While the dividend discount model is often cited, I noticed there aren only a few examples on the web about how the formula is used, and most of them over complicate the formula a bit.

If you haven't heard of the formula before, the dividend discount model is a way to calculate the present value of a company's future dividends to help come up with an intrinisic price per share of the stock. Comparing that intrinisic value of the stocks dividends with the current market price can be a useful tool in your belt to decide if a company is under or over valued.

**Here are the variables we'll use to calculate the DDM:**

- D
_{1}- the company's estimated dividend next year - r - the required rate of return for the company equal to the risk free rate + (mkt return - risk free rate) * company's beta. We'll use the 3 month treasury bill as our risk free rate, which you can get from this link to the treasury website.
- g - the company's historical dividend growth rate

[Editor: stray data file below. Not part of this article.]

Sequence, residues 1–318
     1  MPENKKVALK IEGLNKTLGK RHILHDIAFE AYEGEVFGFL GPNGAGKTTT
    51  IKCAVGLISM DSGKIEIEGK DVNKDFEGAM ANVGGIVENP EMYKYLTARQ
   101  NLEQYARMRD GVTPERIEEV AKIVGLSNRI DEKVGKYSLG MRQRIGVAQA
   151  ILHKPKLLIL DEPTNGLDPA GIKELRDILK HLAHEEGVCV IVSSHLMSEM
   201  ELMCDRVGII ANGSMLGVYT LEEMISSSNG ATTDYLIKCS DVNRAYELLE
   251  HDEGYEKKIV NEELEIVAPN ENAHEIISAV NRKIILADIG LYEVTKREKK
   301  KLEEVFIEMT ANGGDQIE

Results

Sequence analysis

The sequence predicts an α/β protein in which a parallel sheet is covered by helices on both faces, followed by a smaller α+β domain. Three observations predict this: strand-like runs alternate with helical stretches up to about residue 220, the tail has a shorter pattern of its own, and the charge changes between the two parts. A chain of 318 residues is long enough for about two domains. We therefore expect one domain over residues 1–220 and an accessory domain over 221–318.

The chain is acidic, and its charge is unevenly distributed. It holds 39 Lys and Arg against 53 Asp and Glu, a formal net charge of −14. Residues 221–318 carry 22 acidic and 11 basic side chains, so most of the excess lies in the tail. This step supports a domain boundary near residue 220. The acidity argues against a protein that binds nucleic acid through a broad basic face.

**Here's the formula:**

D_{1}

-------------

r - g

We'll do a real life example of the formula with GE.

So here are the variable's filled out with GE's information:

- D
_{1}- GE's current dividend is $.96 (as of Feb 2017), last year it was $.92; so we'll estimate that GE's dividend in 2018 will grow the same 4.1% and be $1.00 next year - r - .93% (3 month t-bill as of 5/2017) + (8% est. GE growth rate [using trailing last 5 years] - .93%) * 1.18 (GE's Beta
- g - 4.1%

So are final calculation looks like:

$1.00

------------------------------------------

(.0093 + (.08 - .0093) * 1.18) - .041

Which gives us a share price of $19.33. Currently, as of 5/22/2017 GE is trading at $28.18, so the dividend discount model would lead us to believe that GE is currently overpriced.

Please let me know if you have any questions about the dividend discount model or it's usage.

**Disclosure:** I/we have no positions in any stocks mentioned, and no plans to initiate any positions within the next 72 hours.